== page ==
Anxiety is something that can affect anyone. It can cause feelings of nervousness, fear and stress, as well as making those that suffer from it physically ill. Anxiety can come in small amounts, or it can be so extreme that those affected can not bring themselves to leave the house. It`s well known that people with autism suffer from anxiety far more often than non-autistic people. But why is this?
There is more to worry about – Autistic people generally don’t like their routine being changed, and enjoy having a plan for their day. Any change to this might provoke extreme anxiety. Things such as going out half an hour later than planned might not bother someone who is not autistic, and the same can be said for thinking about the changes that take place when going from weekday to week end, or even going away on holiday. But for people with autism all of these can lead to feelings of anxiety – in fact anxiety becomes almost a daily thing. It`s very rare that a day would go totally to plan, and this can lead to spikes in anxiety levels.
Struggling to understand feelings – because autistic people can find it hard to understand their own feelings anxiety can often become a go-to response. How ever much someone with autism is looking forward to something there will often be feelings of anxiety there too. When someone finds it hard to know if they feel happy or sad, it`s understandable that a sudden burst of feelings can make them feel anxious and worried.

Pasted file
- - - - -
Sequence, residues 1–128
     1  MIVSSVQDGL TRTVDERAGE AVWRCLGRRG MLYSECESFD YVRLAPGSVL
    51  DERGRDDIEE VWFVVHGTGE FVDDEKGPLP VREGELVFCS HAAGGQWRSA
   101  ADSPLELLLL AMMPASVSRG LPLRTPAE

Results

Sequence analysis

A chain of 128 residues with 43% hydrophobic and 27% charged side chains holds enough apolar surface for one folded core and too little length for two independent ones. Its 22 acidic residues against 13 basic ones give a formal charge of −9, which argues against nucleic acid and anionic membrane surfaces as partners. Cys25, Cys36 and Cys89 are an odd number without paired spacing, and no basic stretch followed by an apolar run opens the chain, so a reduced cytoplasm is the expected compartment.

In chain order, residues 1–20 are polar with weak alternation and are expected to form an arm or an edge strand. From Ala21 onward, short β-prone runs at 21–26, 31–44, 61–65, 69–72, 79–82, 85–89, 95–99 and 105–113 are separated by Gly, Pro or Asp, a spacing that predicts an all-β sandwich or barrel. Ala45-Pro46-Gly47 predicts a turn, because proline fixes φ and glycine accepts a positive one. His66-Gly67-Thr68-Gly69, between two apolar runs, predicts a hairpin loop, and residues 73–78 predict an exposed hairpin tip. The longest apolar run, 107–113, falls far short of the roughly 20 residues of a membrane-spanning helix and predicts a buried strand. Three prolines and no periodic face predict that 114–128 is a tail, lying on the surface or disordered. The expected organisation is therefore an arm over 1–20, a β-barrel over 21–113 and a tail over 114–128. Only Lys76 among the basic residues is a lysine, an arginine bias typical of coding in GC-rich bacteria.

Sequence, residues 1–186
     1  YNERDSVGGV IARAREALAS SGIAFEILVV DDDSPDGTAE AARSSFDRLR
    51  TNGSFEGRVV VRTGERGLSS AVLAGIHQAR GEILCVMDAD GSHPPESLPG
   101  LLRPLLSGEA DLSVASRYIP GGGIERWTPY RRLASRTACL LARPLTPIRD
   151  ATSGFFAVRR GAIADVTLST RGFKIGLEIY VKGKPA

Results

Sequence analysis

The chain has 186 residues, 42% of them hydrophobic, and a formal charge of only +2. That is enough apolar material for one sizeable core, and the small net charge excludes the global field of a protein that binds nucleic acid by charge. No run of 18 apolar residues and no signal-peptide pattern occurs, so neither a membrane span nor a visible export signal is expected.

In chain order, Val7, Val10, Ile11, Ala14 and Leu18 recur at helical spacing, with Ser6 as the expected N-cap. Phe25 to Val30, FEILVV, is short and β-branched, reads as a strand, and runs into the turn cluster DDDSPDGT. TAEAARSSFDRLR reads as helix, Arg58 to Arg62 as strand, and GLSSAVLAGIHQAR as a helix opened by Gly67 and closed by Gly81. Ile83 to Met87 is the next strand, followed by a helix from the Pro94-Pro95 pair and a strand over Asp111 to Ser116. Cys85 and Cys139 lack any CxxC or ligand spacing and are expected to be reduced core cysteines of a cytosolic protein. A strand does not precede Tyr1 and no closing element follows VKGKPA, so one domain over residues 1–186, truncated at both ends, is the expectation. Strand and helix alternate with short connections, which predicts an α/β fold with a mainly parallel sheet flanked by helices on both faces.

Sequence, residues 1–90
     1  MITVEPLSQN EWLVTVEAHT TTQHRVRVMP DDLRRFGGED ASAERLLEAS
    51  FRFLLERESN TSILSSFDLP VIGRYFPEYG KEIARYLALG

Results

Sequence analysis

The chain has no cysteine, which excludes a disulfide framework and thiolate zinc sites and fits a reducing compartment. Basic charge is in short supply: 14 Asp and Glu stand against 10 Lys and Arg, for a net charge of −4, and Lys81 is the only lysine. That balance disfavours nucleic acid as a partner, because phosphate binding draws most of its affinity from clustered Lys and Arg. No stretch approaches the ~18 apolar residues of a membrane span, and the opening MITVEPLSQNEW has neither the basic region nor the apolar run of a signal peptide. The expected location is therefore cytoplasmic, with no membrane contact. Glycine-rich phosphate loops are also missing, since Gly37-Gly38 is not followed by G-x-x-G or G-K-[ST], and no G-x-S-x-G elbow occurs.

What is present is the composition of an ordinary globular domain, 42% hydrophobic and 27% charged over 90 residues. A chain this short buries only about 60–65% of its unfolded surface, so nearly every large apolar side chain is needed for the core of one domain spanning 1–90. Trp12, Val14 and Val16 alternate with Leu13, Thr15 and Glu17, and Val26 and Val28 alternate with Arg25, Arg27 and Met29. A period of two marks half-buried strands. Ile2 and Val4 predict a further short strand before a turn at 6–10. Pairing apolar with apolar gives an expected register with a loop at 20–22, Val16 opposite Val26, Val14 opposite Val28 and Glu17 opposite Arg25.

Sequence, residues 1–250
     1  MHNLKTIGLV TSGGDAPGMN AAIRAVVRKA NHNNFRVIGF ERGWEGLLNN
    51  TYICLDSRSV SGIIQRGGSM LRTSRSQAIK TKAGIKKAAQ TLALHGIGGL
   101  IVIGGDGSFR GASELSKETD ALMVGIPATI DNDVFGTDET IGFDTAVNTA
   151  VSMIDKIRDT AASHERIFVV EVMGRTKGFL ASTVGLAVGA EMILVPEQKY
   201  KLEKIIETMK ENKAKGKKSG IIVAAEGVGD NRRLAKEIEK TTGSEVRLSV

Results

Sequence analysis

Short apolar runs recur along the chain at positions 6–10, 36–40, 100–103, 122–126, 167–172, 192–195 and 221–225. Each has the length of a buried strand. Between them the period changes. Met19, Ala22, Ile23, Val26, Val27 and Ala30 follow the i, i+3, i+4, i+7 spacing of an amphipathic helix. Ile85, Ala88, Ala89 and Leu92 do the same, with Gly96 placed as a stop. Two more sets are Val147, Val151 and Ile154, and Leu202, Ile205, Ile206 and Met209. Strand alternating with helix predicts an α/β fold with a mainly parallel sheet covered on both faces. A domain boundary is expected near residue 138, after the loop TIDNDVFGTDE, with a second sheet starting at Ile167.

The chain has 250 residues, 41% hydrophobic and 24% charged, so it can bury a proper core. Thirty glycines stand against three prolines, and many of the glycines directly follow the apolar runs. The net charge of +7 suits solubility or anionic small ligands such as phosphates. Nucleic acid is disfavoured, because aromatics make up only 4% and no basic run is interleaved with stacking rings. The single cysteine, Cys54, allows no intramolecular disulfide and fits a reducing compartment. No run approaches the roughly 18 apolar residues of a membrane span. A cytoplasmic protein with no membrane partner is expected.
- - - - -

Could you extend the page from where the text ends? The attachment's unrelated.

Knowing they stand out – this is said to apply mainly to teenagers with autism, but it could affect any autistic person; if someone knows that they stand out and are different than those around them then the anxiety of interacting will be worsened. For example most young people find the idea of going to a new university scary, but if someone with autism knows just how hard it might be for them to make friends, and fit in, then this can be even worse. Autistic people can become caught up in the fact that they are not like their peers, and from this comes the anxiety.
So it`s likely that people with autism will also have issues with anxiety at some point in their lives. Anxiety is common anyway, but in people with autism it is even more so. It has been said that autistic teenagers are one of the most likely sets of people to develop issues with anxiety. It is so common that almost everyone with autism will report feeling high levels of anxiety at least once every few days, even if they lead a happy life.
The next article in this series will look at some of the effects anxiety can have on those who suffer from it, before the third article addresses what can be done about anxiety.